OLDaily, by Stephen Downes

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May 26, 2011

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How Our School Adopted Social Media, One Small Step at a Time
Eric Sheninger, Huffington Post, May 26, 2011.

This link to the archive of the event will take you to an Adobe Connect recording (with great sound; quelle surprise!) of this free online session on the use of social media in schools. Interesting sponsorship model. The event is a N.J. School Boards Association (NJSBA) live event called Learn@Lunch, and the speaker is Eric Sheninger, principal at New Milford High School. Sheninger writes, "small changes, combined with many others, are beginning to have a huge impact on the teaching, learning, and community culture of my school. Even though I have highlighted examples specific to technology, there have also been changes focused on curriculum and programming. Politicians and self-proclaimed reformers routinely throw around the word change and think that a one-size-fits-all approach is what's needed to increase student achievement and innovation. Each school is an autonomous body with distinct dynamics that make it unique. It's the small changes over time that will eventually leave a lasting impact."

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From the CogDogLab: Pechaflickr
Alan Levine, CogDogBlog, May 26, 2011.

Today's fiun and games comes courtesy Alan Levine, who has taken the concept of Pecha Kucha, combined it with Flickr randomness, and created an exercise in improvisation. Can you think on your feet and create a coherent narrative in front of a group of people (as they tweet about your talk behind your back)? If you dare, pecha flickr will through 20 random slides at you for 20 seconds each. I'll give it a live try tomorrow.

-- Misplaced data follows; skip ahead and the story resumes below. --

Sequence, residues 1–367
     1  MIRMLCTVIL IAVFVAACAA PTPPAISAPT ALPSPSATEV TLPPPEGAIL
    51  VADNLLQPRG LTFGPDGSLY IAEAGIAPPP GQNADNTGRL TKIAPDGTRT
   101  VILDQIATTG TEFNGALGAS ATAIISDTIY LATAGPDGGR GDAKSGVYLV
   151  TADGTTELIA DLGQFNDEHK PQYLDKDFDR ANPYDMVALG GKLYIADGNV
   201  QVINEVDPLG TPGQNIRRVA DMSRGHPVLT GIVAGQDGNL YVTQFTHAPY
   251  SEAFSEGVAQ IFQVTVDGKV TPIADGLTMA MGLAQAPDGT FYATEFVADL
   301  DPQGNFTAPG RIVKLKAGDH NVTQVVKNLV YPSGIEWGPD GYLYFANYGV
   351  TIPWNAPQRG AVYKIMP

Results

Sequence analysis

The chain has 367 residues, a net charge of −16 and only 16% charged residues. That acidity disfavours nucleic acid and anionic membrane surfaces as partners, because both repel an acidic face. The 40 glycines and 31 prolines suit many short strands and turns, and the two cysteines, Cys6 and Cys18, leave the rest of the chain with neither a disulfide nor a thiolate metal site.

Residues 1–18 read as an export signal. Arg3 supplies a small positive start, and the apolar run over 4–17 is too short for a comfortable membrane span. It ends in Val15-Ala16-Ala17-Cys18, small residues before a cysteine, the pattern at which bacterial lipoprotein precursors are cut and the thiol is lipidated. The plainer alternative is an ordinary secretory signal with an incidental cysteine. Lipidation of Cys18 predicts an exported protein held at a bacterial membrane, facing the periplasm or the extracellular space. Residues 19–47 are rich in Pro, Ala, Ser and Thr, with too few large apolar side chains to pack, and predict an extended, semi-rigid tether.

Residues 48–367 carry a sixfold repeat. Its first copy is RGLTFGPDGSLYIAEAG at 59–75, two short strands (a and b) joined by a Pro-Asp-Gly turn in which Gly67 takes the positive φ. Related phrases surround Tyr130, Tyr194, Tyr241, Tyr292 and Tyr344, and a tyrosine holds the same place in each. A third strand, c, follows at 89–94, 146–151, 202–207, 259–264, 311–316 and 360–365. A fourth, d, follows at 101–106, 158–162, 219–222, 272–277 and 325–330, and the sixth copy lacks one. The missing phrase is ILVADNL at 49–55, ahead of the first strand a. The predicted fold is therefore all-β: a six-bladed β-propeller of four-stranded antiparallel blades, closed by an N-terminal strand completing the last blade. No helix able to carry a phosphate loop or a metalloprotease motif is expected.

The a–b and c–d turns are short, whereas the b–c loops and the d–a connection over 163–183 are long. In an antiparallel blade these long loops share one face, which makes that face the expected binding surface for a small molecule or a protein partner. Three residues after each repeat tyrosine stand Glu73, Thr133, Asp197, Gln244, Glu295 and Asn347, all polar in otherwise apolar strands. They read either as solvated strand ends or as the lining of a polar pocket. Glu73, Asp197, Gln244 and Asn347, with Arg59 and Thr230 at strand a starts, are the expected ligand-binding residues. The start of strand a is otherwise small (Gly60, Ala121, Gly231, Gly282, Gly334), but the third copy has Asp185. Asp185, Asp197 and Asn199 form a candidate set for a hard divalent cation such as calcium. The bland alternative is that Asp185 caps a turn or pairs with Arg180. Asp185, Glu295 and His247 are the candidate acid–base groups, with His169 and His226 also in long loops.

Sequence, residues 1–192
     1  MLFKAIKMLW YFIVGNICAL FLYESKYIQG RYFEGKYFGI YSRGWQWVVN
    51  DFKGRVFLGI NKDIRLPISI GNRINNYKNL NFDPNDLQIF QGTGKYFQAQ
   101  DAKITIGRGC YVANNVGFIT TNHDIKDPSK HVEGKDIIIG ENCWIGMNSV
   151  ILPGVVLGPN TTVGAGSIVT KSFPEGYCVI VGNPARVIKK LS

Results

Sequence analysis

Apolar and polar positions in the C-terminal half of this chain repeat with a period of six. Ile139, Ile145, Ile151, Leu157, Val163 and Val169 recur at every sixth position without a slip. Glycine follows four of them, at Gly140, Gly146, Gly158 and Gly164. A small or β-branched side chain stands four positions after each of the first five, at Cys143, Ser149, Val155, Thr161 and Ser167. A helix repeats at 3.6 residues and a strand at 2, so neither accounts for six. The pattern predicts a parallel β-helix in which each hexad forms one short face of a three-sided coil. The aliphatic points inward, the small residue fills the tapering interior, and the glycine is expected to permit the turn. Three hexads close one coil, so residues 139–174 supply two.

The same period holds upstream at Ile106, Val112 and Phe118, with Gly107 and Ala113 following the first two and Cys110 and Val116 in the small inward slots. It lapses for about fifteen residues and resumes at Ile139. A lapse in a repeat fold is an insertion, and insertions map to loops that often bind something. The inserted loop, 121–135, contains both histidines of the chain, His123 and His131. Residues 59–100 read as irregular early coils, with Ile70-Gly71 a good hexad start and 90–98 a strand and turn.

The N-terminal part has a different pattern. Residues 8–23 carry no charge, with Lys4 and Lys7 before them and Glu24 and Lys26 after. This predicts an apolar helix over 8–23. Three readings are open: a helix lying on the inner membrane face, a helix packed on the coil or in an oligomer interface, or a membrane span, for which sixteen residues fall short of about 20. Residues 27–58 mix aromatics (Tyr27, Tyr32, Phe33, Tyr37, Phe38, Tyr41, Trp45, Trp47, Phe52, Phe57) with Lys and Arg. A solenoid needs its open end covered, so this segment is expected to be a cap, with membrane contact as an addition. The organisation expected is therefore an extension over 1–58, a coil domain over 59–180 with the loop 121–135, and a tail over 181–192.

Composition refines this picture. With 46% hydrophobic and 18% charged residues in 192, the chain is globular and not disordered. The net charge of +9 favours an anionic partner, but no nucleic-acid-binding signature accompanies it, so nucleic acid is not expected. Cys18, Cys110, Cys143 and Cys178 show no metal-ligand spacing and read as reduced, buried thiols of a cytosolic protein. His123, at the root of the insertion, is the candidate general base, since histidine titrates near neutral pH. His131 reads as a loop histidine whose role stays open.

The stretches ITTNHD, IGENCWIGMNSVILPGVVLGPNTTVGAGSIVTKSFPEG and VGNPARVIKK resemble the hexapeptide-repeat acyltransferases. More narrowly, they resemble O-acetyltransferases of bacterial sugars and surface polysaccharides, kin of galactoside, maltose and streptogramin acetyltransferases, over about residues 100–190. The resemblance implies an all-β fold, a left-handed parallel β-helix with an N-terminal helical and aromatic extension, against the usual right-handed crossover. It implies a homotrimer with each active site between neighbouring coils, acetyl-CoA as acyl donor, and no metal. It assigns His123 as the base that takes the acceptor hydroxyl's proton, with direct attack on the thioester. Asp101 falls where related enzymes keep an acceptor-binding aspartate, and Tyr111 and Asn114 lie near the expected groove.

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Wait. What? I can buy an LMS with a credit card?
Janet Clarey, Bersin and Associates, May 26, 2011.

What's interesting about this item is not the fact that you can buy an LMS for less than the price of a car, but that you can look at it online, buy it online, and get it up and running basically without salespeople or technical support. Janet Clarey writes, "Intellum will accommodate any organization's years-long sales cycle. Yes, Intellum can crank out an RFP response if that's what you require (and you'll find a wealth of info in that link). But you can also just test drive Rollbook, buy it online (they have an install option), and be up and running without even talking to a sales rep. I once bought a minivan on my lunch break. Now I can buy an LMS that way."

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Casting an Open Net: a Leading Edge Approach to Canada's Digital Future
Various Authors, OpenMedia.ca, May 26, 2011.

Extensive and well-researched report available as web pages or a 144-page PDF on digital pricing and distribution policy in Canada. The report, supported by OpenMedia.ca, argues against bandwidth caps, usage-based billing and service throttling. It shows that prices are higher, and services lower, in Canada than elsewhere in the OECD (the opposite of where we were a decade ago) and shows Canadians are in favour of an open and neutral net policy in Canada.

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How Should UK Universities Respond to EU Cookie Legislation?
Brian Kelly, UK Web Focus, May 26, 2011.

The EU's Privacy and Communications Directive comes into force today with one of the major directives concerning cookies. As Brian Kelly notes, "This requires user's consent before using cookies – the text files which are used for various purposes including storing browsing information." Many sites - and pretty much every institutional site - uses cookies routinely. This leads to a problem implementing the law: "One problem sites are wrestling with if the ICO insists on enforcement is a catch-22 where if people choose not to accept cookies, then sites will have to keep asking them if they want to accept cookies – because they will not be able to set a cookie indicating their preference."

On this website I face no such contradiction. The software assumes that each visitor is an anonymous entity - Anymouse - and unless directed otherwise loads the personal profile for that entity. No cookie required. Cookies will be set only if a person registers, and are reset only if they log in again. The registration page links to a privacy page that outlines, among other things, our use of cookies. I think the presumption of anonymity is important and have always supported the right to post anonymous comments on this website. So I'm pretty sure I comply with the EU regulations, but if I don't, I'm sure the EU will take the time to tell me.

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Copyright 2010 Stephen Downes Contact: stephen@downes.ca

This work is licensed under a Creative Commons License.